That’s what he told us. But who really wants to fail? I certainly wish I could go through life performing everything perfectly the first time. We all think our ideas are brilliant, of course, and we don’t want to be proven wrong. We want success. We strive for it and will go to the ends of the earth, and our financial means, sometimes dragging out the inevitable because our ego is too vested in the project to give up on it that easily and admit a defeat.
But the faster we fail, the sooner we can find success. Every failure – every glitch, hurdle and problem you encounter in executing the big ideas that you thought were destined for arrival – is progress. Have you ever spent a ridiculous amount of time, energy and even resources in pursuing something that flat out flopped? Why would you want to dedicate copious amounts of time, energy and money into something that’s not going to work? Wouldn’t you have rather failed faster, and realized that certain changes should have been made before the disaster is too far gone?
Each little “failure” you encounter along the way is a tweak and an improvement. Every time something doesn’t work, you learn what WILL work for the future, or at least eliminate another wrong option. Think about the projects that could have been salvaged had you failed faster.
I’ll give you an example of how we’ve been trying to speed up our failures. For several months we’ve been working on a Web site that connects local businesses with the consumers in their area by offering free products and services. Businesses benefit by creating more local awareness and putting their products or services in the hands of real customers, thereby creating new and lasting relationships with these consumers; and the public benefits by, well, getting free stuff! The failure: unfortunately, Groupon thought of it first. They put a similar idea out there first and have monopolized the market. The good news: It’s an idea with staying power!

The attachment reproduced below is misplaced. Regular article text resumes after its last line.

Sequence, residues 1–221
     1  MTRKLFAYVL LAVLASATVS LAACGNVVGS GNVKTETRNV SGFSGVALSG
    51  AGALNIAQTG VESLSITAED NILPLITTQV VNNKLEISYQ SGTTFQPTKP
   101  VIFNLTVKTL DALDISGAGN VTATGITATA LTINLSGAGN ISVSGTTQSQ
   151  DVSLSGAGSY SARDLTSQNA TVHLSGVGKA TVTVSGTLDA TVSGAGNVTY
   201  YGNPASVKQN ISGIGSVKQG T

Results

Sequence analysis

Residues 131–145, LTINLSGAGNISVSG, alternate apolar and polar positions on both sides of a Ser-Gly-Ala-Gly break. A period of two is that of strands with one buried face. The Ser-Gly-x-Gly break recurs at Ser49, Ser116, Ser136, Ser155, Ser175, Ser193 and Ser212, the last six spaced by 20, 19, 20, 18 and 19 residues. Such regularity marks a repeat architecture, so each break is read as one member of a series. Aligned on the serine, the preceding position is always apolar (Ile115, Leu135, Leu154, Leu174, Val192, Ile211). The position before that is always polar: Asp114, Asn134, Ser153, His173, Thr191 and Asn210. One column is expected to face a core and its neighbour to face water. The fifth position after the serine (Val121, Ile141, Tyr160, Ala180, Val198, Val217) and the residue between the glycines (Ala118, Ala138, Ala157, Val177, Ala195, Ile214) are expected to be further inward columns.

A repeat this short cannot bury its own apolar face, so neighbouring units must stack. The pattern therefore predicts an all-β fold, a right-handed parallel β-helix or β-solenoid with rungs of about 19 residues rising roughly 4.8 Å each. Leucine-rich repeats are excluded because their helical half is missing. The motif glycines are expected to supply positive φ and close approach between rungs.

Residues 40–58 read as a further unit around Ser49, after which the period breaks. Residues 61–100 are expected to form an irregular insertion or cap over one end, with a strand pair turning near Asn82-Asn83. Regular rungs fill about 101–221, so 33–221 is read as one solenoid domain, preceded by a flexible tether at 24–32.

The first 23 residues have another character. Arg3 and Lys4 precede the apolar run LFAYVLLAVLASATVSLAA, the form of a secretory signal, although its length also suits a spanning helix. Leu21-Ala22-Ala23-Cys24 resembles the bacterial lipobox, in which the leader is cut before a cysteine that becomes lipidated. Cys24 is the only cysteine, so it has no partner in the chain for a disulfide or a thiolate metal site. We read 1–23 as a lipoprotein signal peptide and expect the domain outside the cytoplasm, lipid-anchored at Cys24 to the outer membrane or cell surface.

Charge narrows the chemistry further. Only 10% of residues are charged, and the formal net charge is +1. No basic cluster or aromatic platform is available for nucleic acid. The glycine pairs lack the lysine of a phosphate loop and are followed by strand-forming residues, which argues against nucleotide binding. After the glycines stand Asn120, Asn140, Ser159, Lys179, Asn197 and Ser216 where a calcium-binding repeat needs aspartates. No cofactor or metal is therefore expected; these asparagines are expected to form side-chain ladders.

What do we do from here? OK, so in a way we’ve failed; but we’ve failed the right way. We failed fast, and now we have time to regroup (no pun intended), use their successful business plan as a model, and highlight our own strengths and our differences from their company. We now know that the idea of linking companies and consumers by offering STUFF to people and MARKETING to businesses is a good one. We have a good model for what works, and we can shadow their footsteps with a plan that is completely ours. But they’ve done all the hard work for us.
Yes, we failed. But we failed quickly, without having to learn the hard way, and now we’re on schedule to get our Web site out this summer. We think Jimmy Wales would be pretty proud.
Speaking of failures, here’s a commercial that we pitched to the Pepsi Corporation, but we didn’t make the cut. We may have failed, but we created a pretty sweet piece for our portfolio. You can see all of the commercials we’ve made on our YouTube channel.